Today, International Women’s Day, offers the perfect opportunity to revisit that article, Woman at Work: Why Women Should Lead Risk Management, and some of our more recent coverage of pressing issues like the wage gap and gender parity at the board level.

The significance of this conversation is ever clearer, given not only the political climate and regulatory concerns, but also the simple data about the bottom line. Just last year, the Peterson Institute for International Economics and EY found that almost a third of companies globally have no women in either board or C-suite positions, 60% have no female board members, 50% have no female top executives, and less than 5% have a female CEO. After analyzing 21,980 publicly traded companies from 91 countries and a wide range of industries, their report, Is Gender Diversity Profitable? Evidence from a Global Study, found that organizations with leadership that is at least 30% female could add up to 6 percentage points to its net margin.

“The impact of having more women in senior leadership on net margin, when a third of companies studied do not, begs the question of what would be the global economic impact if more women rose in the ranks?” said Stephen R. Howe Jr., EY’s U.S. chairman and Americas managing partner. “The research demonstrates that while increasing the number of women directors and CEOs is important, growing the percentage of female leaders in the C-suite would likely benefit the bottom line even more.”

While study after study comes to similar conclusions, a recent report from EY explored why businesses need gender diversity for the innovation to thrive. Five disconnects continue to hold businesses back from achieving gender diversity on their boards, the firm found:

  1. The reality disconnect: Business leaders assume the issue is nearly solved despite little progress within their own companies.
  2. The data disconnect: Companies don’t effectively measure how well women are progressing through the workforce and into senior leadership.
  3. The pipeline disconnect: Organizations aren’t creating pipelines for future female leaders.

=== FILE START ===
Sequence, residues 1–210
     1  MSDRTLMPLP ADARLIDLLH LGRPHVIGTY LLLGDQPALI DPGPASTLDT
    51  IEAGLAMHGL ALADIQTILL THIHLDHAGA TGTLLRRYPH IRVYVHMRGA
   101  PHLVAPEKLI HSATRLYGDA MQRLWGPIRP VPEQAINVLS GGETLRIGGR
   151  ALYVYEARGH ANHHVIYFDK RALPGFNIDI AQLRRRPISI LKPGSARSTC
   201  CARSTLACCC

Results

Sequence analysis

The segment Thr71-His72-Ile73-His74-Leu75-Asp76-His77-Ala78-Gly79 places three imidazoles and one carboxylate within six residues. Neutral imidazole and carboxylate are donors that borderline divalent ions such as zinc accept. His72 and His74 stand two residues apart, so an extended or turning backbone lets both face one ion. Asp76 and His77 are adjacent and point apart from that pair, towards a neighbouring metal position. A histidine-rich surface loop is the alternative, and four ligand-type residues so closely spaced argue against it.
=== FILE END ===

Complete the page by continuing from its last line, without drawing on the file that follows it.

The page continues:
4. The perception and perspective disconnect: Men and women don’t see issues the same way.
  5. The progress disconnect: Different sectors agree on the value of diversity but are making uneven progress toward gender parity.

Check out some of our previous coverage of key issues regarding women in business and risk management specifically:
Equal Work, Unequal Pay: Risks of the Gender Wage Gap
The Wage Gap in the Boardroom
Is the Insurance Industry Improving for Women?
Boards Still Lagging on Gender Parity
Preparing for New Pay Equity Requirements

Boards Still Lagging on Gender Parity

Although women make up nearly half of the workforce in the United States, they represent only 16.9% of board members, according to Catalyst’s “Women on Boards.” Norway tops the list with 40.5%, followed by Sweden with 27% and Finland with 26.8%. Japan, Qatar and Saudi Arabia, meanwhile, are at the bottom of the list with 1.1%, 0.3% and 0.1%, respectively.

Mary Jo White, who chairs the U.S. Securities and Exchange Commission board addressed the issue of board parity global-banner-sealin her remarks to the Women’s Forum of New York on Nov. 19.

White said:

We all have indeed come a long way since 1974. Today, women receive more than half of all bachelors’, masters’ and doctorate degrees, and more than a third of MBAs. Women are approximately half of the total workforce and half of all managers. But there remain areas stubbornly resistant to the progress that objectively should have already occurred. One in the legal profession is the percentage of women who are equity partners at law firms—18%. That number has only increased 2% since 2006, and we had achieved 12.9% back in 1994. Another resistant area is the financial arena—we now account for 29% of senior officials in finance and insurance, and no woman has, for example, ever been CEO of one of the 22 largest U.S. investment banks or financial firms. A third critical area that has been a particular priority for the Women’s Forum of New York is the focus of today’s event: gender diversity in U.S. boardrooms.